Cathedral players learn fundamentals through film sessions
Published 12:03 am Saturday, August 9, 2014
NATCHEZ — Imagine performing a job and later having to watch your performance on a large screen in a classroom with your fellow colleagues. Chances are you’d perform at a higher rate.
That’s the idea behind Cathedral head coach Ron Rushing watching practice footage with his Green Wave players. Of course, it also serves as an opportunity for Rushing to teach concepts and basic fundamentals.
“We always want the best effort out of them, and you can tell them until you’re blue in the face, but if you show them, they’ll see their mistakes better and understand what you’re asking them to do,” Rushing said.
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As the Cathedral football team gathered in a small classroom, veterans occupied every desk and younger players stood or sat behind them. Together, the team visualized their effort.
The first practice footage Rushing showed his team involved the “mesh drill,” where wide receivers and quarterbacks were supposed to read the defense and decide whether they were facing man coverage or a zone. When the wide receiver gets to the “mesh point,” they decide whether to sit down in the zone or to keep running in stride against man-to-man coverage.
“Look, we’re facing man here, so you have to keep climbing,” said Rushing, turning his head to watch the film from a teacher’s desk placed in front of the classroom. “We’re still climbing, right?”
“Right,” answered Cathedral skill players in unison.
The second of four practice drills focused on the linemen blocking and leading with the proper foot. Rushing called out his top linemen, asking them to perform at a higher rate.
“Look and see if you’re going full speed linemen,” Rushing said. “Are we giving maximum effort? I know it’s hard to do it without shoulder pads, but what can you do? Get your butt down a little more and drive a little more into the drill. Look, watch this. I’m not mad at y’all, but I want you to see it.
“I want you to see what I see everyday. That’s why we have this camera.”
Moving on to the “phase” drill, Cathedral players defended against the deep ball. Being in phase means the players are in position to turn around and deflect the pass, while out of phase simply represents “you’re beat.”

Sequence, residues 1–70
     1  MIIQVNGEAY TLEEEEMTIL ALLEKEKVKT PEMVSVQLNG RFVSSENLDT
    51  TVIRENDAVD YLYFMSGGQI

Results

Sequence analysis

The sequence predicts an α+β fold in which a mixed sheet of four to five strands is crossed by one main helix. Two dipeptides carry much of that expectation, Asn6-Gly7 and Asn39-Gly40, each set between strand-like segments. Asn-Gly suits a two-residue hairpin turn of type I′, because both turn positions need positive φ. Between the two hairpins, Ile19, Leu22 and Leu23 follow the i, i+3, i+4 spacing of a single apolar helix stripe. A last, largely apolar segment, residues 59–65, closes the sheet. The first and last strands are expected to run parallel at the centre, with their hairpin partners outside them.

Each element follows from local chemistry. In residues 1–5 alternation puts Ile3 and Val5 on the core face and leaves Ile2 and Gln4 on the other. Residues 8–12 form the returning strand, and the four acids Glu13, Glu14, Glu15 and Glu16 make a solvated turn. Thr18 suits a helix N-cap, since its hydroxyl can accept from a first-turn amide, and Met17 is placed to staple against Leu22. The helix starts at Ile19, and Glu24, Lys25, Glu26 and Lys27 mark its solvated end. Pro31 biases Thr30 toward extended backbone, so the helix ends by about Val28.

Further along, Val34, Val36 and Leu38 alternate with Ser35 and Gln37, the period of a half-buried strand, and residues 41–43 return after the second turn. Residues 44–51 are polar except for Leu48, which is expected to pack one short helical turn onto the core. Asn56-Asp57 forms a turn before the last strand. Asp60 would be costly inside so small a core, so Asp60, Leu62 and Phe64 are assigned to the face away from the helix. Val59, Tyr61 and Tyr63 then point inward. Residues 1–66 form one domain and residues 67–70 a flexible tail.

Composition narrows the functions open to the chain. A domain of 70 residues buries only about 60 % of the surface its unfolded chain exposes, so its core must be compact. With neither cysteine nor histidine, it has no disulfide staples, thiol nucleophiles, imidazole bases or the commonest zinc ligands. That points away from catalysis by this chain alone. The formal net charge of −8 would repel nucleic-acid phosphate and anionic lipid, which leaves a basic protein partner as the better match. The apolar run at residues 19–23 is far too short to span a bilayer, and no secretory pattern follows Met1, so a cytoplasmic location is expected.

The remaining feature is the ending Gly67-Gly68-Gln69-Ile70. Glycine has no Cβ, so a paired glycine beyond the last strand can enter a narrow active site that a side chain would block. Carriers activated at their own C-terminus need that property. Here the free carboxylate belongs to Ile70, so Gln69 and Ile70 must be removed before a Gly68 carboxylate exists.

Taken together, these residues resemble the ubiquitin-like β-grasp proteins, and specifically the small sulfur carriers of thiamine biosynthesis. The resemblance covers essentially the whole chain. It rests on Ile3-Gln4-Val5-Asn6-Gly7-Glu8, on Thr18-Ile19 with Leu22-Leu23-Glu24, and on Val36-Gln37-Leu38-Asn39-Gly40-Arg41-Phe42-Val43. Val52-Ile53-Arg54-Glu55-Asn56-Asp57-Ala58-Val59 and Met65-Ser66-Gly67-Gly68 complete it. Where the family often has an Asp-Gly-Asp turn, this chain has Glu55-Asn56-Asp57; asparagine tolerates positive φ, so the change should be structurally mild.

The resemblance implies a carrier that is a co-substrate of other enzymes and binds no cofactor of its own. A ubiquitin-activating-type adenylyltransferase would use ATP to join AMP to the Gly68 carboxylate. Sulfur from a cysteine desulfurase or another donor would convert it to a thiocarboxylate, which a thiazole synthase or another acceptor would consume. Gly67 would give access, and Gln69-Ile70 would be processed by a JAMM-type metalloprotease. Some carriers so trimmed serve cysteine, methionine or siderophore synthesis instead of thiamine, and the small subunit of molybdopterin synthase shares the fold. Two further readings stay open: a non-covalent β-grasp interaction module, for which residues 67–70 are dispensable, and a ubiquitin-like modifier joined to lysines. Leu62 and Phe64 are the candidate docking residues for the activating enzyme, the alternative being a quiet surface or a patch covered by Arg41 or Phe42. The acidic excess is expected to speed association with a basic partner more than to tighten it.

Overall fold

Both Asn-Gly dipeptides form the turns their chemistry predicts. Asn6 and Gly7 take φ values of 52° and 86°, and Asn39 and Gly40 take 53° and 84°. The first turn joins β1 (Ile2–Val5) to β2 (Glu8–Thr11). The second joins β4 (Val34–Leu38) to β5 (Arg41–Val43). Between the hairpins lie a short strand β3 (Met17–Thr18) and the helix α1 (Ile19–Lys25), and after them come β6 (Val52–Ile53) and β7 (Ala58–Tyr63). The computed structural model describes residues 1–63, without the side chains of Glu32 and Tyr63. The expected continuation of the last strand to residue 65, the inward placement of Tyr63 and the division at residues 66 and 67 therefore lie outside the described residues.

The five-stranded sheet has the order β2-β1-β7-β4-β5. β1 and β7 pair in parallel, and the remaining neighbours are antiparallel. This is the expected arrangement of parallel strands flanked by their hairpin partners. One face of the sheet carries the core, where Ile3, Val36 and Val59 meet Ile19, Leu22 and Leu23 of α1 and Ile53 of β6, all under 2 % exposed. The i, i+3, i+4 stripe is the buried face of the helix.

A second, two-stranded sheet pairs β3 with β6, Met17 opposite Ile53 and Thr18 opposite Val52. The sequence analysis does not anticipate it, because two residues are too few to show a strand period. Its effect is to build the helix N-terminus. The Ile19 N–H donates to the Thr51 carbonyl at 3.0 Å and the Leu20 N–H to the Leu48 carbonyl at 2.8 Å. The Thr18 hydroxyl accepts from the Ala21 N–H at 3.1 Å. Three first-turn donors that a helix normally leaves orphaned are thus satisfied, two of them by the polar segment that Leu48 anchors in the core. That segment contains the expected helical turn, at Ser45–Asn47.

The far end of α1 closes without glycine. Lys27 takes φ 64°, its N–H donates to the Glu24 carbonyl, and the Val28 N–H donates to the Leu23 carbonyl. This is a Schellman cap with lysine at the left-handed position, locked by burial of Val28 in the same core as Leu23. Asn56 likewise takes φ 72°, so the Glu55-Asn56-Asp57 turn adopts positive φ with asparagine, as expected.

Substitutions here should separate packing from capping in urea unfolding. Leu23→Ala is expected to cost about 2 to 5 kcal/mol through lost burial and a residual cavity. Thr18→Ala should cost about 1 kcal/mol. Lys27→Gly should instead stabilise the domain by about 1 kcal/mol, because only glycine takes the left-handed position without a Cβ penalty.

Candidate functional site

“Does everybody understand the purpose?” asked Rushing, as he skipped ahead to a drill offensive line coach Kurt Russ instructed. “I don’t know what y’all were doing over there.”
The room erupted with laughter.
“We were getting after it, man,” said Russ, describing his players running through the cones and tackling a dummy.
“I love that drill,” Rushing said. “I love the effort.”
Before watching a few good licks on a tackling dummy that solicited loud responses from the team, Rushing moved over to his last practice drill.
After evaluating defensive play last season, Rushing has implemented defensive drills this offseason that he learned at various coaching clinics.
“I think our defensive backs are starting to understand the concept,” Rushing said. “I’m very pleased where you’ve all come from the first day we put this in.”
The final drill focused on defensive backs getting “three-read shuffles in” before breaking on the ball and trying to make a play on it.
“Good shuffle, good position,” Rushing praised. “I love your stance.”
The read drill morphed into players in the secondary opening their hips up, planting and breaking on the ball in the open field.
“What routes can (the wide receiver) run from seven or eight yards deep?” Rushing asked. “If I’m turning and reading his route and he puts that foot in and comes in, I know it’s dig or post (route). Beat him there. Starting to understand that a little better?”
Rushing complimented his team and said he believes the drill is carrying over to their defensive play, which he gets a better look at in 7-on-7 competitions.
After Rushing finished reviewing the drill, he turned off the screen and asked his team one last question.
“Does everybody understand what we’re trying to do here?” he asked. “Alright, let’s go to practice.”